.GITCONFIG

[alias]
  co = checkout
  ci = commit
  st = status
  br = branch
  hist = log --pretty=format:\"%h %ad | %s%d [%an]\" --graph --date=short
  type = cat-file -t
  dump = cat-file -p

We’ve already talked about commit and status commands. In the previous lesson we covered the log command and will get to know the checkout command very soon. The most important thing to learn from this lesson is that you can type git st wherever you had to typegit status. Best of all, the git hist command will help you avoid the really long log command.

Go ahead and try using the new commands.

If your shell supports aliases, or shortcuts, you can add aliases on this level, too. I use:

alias gs='git status '
alias ga='git add '
alias gb='git branch '
alias gc='git commit'
alias gd='git diff'
alias go='git checkout '
alias gk='gitk --all&'
alias gx='gitx --all'
alias got='git '
alias get='git '

The go abbreviation for git checkout is very useful, allowing me to type:

go <branch>

to checkout a particular branch.

Also, I often mistype git as get or got so I created aliases for them too.

Getting older versions

To learn how to checkout any previous snapshot into the working directory.

Going back in history is very simple. The checkout command can copy any snapshot from the repo to the working directory.

Getting hashes for the previous versions

RUN:

git hist

Note: Do not forget to define hist in your .gitconfig file? If you do not remember how, review the lesson on aliases.

RESULT:

$ git hist
* 7358571 2016-06-23 | Second Test (HEAD -> master) [Aravind G V]
* 2fc4372 2016-06-23 | First Commit [Aravind G V]

Check the log data and find the hash for the first commit. You will find it in the last line of the git hist data. Use the code (its first 7 chars are enough) in the command below. After that check the contents of the hello.html file.

RUN:

git checkout <hash>
cat hello.txt

Note: Many commands depend on the hash values in the repository. Since my hash values will be different from yours, substitute in the appropriate hash value for your repository everytime you see <hash> or <treehash> in the command.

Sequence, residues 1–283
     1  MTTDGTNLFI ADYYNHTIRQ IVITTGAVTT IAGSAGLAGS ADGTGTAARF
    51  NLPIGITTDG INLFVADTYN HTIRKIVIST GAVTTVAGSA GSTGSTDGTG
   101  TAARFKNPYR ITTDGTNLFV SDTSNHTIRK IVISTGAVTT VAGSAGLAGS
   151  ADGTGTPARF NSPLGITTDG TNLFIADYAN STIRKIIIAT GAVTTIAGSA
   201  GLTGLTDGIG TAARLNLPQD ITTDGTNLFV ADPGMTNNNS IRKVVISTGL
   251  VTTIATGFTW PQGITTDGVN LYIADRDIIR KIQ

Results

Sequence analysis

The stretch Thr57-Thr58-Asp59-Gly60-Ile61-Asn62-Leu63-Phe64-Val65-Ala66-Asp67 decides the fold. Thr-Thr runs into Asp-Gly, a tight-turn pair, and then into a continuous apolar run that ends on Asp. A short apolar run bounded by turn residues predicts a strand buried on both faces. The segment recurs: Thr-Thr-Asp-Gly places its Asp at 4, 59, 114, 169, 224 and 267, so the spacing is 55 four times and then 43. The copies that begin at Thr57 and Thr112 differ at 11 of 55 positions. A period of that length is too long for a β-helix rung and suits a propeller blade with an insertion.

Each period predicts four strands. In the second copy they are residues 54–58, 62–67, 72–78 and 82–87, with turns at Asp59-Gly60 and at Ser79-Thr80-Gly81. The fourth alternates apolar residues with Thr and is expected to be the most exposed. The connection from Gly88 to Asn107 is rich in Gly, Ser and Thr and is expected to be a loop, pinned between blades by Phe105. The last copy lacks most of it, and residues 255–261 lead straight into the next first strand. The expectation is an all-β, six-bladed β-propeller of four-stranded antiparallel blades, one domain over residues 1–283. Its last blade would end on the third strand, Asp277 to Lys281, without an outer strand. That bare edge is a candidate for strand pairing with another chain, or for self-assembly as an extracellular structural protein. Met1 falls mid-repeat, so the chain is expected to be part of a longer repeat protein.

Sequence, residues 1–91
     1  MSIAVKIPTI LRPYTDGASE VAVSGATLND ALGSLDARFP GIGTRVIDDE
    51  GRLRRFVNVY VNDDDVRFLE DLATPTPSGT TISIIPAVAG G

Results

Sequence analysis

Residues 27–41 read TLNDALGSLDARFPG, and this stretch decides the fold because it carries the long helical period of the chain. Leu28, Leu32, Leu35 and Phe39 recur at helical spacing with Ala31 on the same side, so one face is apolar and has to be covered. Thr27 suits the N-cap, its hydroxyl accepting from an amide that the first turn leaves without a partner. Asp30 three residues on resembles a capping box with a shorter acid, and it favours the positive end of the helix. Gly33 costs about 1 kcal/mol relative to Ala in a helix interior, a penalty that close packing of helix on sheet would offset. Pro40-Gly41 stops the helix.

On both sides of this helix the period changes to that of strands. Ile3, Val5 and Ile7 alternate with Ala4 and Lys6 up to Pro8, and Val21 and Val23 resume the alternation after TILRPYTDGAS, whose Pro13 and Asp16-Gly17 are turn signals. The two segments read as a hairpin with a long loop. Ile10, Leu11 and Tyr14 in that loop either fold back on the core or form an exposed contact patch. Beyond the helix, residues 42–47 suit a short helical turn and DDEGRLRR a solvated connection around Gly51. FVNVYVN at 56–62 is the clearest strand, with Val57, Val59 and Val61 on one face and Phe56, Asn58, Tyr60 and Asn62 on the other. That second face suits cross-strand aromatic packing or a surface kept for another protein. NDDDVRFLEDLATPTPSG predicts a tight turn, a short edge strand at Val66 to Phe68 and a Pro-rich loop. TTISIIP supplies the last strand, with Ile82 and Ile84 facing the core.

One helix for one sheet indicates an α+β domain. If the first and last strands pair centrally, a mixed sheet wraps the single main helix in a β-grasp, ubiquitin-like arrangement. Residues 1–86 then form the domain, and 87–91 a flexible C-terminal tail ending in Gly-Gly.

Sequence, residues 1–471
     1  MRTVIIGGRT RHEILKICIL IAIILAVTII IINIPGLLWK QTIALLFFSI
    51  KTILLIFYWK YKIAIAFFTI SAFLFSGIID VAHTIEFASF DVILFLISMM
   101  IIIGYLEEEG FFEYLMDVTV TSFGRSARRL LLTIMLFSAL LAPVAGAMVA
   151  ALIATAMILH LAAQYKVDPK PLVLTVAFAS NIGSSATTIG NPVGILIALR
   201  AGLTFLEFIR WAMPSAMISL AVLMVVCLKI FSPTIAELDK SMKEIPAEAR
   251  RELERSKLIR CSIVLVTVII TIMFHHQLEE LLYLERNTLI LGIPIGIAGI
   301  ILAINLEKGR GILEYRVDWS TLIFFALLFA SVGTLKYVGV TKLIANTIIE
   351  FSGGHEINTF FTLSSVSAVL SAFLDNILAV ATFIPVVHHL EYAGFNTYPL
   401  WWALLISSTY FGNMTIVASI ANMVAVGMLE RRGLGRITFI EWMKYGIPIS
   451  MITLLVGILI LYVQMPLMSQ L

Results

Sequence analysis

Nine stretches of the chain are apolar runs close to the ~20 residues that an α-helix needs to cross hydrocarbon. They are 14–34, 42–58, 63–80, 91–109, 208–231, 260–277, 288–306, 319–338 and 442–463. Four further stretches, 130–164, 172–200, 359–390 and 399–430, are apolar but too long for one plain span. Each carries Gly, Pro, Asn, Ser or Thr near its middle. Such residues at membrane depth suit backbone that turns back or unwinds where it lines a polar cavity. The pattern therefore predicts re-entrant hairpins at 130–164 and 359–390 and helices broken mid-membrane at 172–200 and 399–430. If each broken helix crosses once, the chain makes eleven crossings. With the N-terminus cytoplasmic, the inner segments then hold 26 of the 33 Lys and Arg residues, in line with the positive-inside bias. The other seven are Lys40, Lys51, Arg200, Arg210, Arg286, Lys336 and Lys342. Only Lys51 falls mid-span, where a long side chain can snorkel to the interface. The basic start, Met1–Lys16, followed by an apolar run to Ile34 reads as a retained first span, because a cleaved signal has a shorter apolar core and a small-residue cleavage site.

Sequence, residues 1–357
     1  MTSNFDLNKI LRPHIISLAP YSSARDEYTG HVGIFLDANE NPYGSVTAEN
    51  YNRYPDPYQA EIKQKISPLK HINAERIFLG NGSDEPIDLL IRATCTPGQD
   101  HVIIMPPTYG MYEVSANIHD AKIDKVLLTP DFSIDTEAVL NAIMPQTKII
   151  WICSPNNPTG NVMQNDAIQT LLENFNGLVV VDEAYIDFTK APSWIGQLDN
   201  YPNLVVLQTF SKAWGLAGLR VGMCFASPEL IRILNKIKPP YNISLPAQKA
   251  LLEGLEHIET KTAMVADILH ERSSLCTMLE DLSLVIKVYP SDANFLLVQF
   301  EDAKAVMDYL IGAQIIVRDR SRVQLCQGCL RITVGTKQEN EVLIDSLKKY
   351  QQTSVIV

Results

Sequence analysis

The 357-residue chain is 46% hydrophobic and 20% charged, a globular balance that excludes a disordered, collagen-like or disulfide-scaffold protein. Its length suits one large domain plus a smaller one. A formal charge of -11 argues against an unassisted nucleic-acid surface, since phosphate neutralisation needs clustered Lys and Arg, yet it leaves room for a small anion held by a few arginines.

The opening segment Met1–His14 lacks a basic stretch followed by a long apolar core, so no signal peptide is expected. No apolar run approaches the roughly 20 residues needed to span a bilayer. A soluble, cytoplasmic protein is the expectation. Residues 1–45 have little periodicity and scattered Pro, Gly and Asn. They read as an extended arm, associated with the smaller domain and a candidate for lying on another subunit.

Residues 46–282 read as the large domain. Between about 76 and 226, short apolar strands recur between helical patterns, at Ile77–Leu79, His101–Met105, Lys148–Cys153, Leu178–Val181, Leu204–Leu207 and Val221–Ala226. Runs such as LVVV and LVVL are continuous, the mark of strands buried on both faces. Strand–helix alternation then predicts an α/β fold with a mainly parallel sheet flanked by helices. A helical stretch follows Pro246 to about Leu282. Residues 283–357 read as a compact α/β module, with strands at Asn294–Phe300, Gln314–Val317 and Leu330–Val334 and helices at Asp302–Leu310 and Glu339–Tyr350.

You will see …

RESULT:

$ git checkout 911e8c9
Note: checking out '911e8c9'.
You are in 'detached HEAD' state. You can look around, make experimental
changes and commit them, and you can discard any commits you make in this
state without impacting any branches by performing another checkout.
If you want to create a new branch to retain commits you create, you may
do so (now or later) by using -b with the checkout command again. Example:
  git checkout -b new_branch_name
HEAD is now at 911e8c9... First Commit
$ cat hello.txt
Hello, World

The checkout command output totally clarifies the situation. Older git versions will complain about not being on a local branch. But you don’t need to worry about that right now.

Note that the content of the hello.html file is the default content.

Returning to the latest version in the master branch

RUN:

git checkout master
cat hello.txt

‘master’ is the name of the default branch. By checking out a branch by name, you go to its latest version.

Tagging versions

To learn how to tag commits for future references

Let’s call the current version of the hello program version 1 (v1).

Creating a tag of the first

RUN:

git tag v1

Now, the current version of the page is referred to as v1.

Tags for previous versions

Let’s tag the version prior to the current version with the name v1-beta. First of all we will checkout the previous version. Instead of looking up the hash, we are going to use the ^ notation indicating “the parent of v1”.

If the v1^ notation causes troubles, try using v1~1, referencing the same version. This notation means “the first version prior to v1”.

RUN:

git checkout v1^
cat hello.html